As far as an engine being able to be run at 80% rpm "forever" it depends on how the engine is propped and how heavily it is loaded. An engine that is over-propped on a heavy boat will have alot more wear and tear than the same engine on a lighter boat that is correctly propped.

    I don't mean to bash guides, but there is a reason engine manufacturers have a different warranty if an engine is used on a guides boat. They typically see much harder use than a pleasure boat. And a guide is not going to repower if he has a perfectly good engine, he repowers when the risk of engine failure is high enough that he can't afford to loose part of a season if an engine goes out.

    I have no problem buying a used car, but if it has a problem I'm a 15-30 minute tow from the shop and I can call my wife or kids to pick me up. Completely different ball game on the water.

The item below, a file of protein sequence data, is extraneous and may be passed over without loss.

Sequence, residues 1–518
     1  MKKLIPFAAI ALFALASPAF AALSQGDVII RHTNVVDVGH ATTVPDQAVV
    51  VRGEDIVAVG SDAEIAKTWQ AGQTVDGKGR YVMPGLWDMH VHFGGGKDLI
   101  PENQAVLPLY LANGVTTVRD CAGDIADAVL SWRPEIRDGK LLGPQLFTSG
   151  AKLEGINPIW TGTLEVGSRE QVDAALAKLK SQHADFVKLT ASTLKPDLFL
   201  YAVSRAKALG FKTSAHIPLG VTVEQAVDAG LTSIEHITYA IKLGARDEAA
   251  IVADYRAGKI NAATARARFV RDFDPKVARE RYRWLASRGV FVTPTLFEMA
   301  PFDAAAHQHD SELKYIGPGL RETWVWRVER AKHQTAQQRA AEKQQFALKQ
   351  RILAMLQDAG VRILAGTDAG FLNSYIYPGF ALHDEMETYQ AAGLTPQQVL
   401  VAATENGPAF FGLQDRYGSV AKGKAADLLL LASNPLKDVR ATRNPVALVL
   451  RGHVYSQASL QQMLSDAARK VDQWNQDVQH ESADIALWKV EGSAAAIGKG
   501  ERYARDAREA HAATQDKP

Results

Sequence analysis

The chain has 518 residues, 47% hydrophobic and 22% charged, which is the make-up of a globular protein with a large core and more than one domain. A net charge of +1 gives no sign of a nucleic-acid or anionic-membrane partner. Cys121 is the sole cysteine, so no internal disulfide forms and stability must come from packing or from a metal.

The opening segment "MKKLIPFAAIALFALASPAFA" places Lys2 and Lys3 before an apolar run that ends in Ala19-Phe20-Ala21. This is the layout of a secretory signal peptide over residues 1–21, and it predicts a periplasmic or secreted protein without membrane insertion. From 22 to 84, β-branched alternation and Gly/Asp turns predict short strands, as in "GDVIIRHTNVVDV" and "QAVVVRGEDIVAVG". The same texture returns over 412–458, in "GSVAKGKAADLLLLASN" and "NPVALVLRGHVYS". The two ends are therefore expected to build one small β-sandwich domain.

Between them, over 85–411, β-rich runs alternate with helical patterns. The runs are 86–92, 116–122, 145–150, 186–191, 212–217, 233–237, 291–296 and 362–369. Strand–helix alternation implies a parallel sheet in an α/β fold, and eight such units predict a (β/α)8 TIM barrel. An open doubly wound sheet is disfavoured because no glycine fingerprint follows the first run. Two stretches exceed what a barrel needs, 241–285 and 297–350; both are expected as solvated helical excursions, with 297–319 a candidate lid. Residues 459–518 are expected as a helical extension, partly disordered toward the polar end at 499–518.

For how I use my boat and the precious little free time I have to use it, reliability is of the utmost importance to me.
    Those that are successful in Alaska are those who are flexible, and allow the reality of life in Alaska to shape their dreams, vs. trying to force their dreams on the reality of Alaska.

    If you have a tenuous grasp of reality, Alaska is not for you.

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    Member Rob B's Avatar
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    Quote Originally Posted by AK Fishkiller View Post
    I would have no problem buying a used motor as long as you could plug into it and have computer give you code history, and a compression test,
    Not all motors will hold codes in the computer. Mine were 2005 Yamaha 115's and they didn't hold anything. Basically only the newer motors are that smart. Mine were charter ran for a couple years and had 1700 hours on them. They ran great until I took them out. As long as they have some solid maintenance records, you'd be fine buying some used charter motors. One thing to check on is compression and oil pressure. Other than that, they run forever. "in most cases"
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    Member Akgramps's Avatar